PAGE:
> certainly brilliant and perceptive as an exegete, and also ahead of his time
          > in many respects. I would hardly call him the greatest French New Testament
          > scholar ever to live, though. I can think of at least two French scholars,
          > his contemporaries, who were better exegetes than he and more balanced in
          > their exegetical judgment. The evaluation of his greatness expressed above is
          > one that tends to equate opposition to Catholic Church teaching with
          > greatness. This is a somewhat simplistic criterion, in my view. I am grateful
          > to Peter, however, for making Loisy's works available online.

          I have read recently a book of Loisy wrote during the first world
          war, about scientific efforts to legitimate the german point of
          view, compared to the english similar works.
          This essay is brilliant. Particularly, he analyse how dangerous
          are the racist views of germanscientist for the adter war period.

          OK. This is off topic. I read also the book of Lagrange about
          modernism crisis, and its evaluation of Loisy, that he considers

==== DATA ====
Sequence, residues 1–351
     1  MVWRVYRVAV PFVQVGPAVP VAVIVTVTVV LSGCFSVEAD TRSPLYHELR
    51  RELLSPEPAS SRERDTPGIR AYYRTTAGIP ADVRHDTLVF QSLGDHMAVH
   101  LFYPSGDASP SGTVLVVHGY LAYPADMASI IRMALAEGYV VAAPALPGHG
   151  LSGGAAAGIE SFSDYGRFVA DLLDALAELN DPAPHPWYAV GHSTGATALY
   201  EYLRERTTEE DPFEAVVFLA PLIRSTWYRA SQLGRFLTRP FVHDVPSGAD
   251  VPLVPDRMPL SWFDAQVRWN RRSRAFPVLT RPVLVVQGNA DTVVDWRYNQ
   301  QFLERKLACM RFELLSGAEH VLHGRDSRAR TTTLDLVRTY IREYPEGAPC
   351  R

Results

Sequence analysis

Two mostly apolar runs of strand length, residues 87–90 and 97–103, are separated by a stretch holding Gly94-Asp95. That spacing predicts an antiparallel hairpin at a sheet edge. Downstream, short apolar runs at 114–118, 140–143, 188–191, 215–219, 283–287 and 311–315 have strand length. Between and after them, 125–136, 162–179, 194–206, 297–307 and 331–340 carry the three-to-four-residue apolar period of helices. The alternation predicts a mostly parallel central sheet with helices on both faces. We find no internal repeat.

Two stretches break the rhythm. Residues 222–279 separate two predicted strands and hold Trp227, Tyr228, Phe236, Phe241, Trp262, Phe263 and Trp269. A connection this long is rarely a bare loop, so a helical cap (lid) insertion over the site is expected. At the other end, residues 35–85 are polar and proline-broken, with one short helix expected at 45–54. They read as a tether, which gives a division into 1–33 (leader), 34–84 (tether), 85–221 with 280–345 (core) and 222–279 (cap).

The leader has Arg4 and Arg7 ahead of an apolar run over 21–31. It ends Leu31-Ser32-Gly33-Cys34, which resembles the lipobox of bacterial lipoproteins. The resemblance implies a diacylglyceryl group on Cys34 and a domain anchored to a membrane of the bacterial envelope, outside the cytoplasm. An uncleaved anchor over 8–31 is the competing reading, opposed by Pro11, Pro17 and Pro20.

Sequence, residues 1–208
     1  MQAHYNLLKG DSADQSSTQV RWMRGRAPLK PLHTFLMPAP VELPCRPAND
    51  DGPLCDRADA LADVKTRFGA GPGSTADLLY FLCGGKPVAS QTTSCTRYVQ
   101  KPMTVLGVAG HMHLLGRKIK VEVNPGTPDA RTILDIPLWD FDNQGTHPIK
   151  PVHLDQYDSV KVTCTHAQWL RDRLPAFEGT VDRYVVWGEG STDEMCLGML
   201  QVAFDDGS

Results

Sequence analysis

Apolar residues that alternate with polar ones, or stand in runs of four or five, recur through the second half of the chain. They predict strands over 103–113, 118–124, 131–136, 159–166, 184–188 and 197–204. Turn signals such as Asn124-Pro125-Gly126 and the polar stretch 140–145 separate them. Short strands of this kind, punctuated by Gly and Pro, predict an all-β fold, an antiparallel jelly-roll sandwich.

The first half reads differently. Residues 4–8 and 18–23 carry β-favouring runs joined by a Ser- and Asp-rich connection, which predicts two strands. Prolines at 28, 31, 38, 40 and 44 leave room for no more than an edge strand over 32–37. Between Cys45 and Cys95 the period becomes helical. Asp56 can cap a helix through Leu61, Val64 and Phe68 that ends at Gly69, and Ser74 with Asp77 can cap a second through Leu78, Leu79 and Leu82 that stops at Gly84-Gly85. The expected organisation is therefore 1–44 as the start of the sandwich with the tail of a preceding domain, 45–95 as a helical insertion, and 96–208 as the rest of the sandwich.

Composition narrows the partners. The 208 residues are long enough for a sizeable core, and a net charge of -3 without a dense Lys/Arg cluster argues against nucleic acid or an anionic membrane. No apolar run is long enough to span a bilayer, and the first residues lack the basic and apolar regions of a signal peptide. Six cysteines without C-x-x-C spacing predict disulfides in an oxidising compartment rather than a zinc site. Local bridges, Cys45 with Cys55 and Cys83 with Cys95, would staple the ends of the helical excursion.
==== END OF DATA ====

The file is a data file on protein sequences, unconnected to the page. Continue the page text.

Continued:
as a german exegesis follower.

          May you give the name of both french contemporary you think ?

          a+
          manu
        • Emmanuel Fritsch
          ... Hum. I began to read his book about Mark. This is 90% of paraphrasis. Really deceptive when compared to modern works. And the theory of the two pauline
          Message 4 of 11 , Sep 28, 2001
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            > I'm interested to hear from you which parts of Loisy's two books that are
            > now available online do you find "outdated", and also what sort of
            > silliness did you discover there. I have studied this material in some
            > detail, and so far I have found no such things. So your help would be
            > appreciated.

            Hum. I began to read his book about Mark. This is 90% of
            paraphrasis. Really deceptive when compared to modern works.

            And the theory of the two pauline redactors looks weak when
            you see that it is based just on theology arguments, and not
            on redactional features.

            a+
            manu

            ref :
            - L'Evangile de Marc
            - Quelques remarques sur la litterature epistolaire du Nouveau Testament
            both edited by Nourry.
          • Bob MacDonald
            a+ ... you see that it is based just on theology arguments, and not on redactional features.
            Message 5 of 11 , Sep 28, 2001
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              a+
              manu wrote:
              >>And the theory of the two pauline redactors looks weak when
              you see that it is based just on theology arguments, and not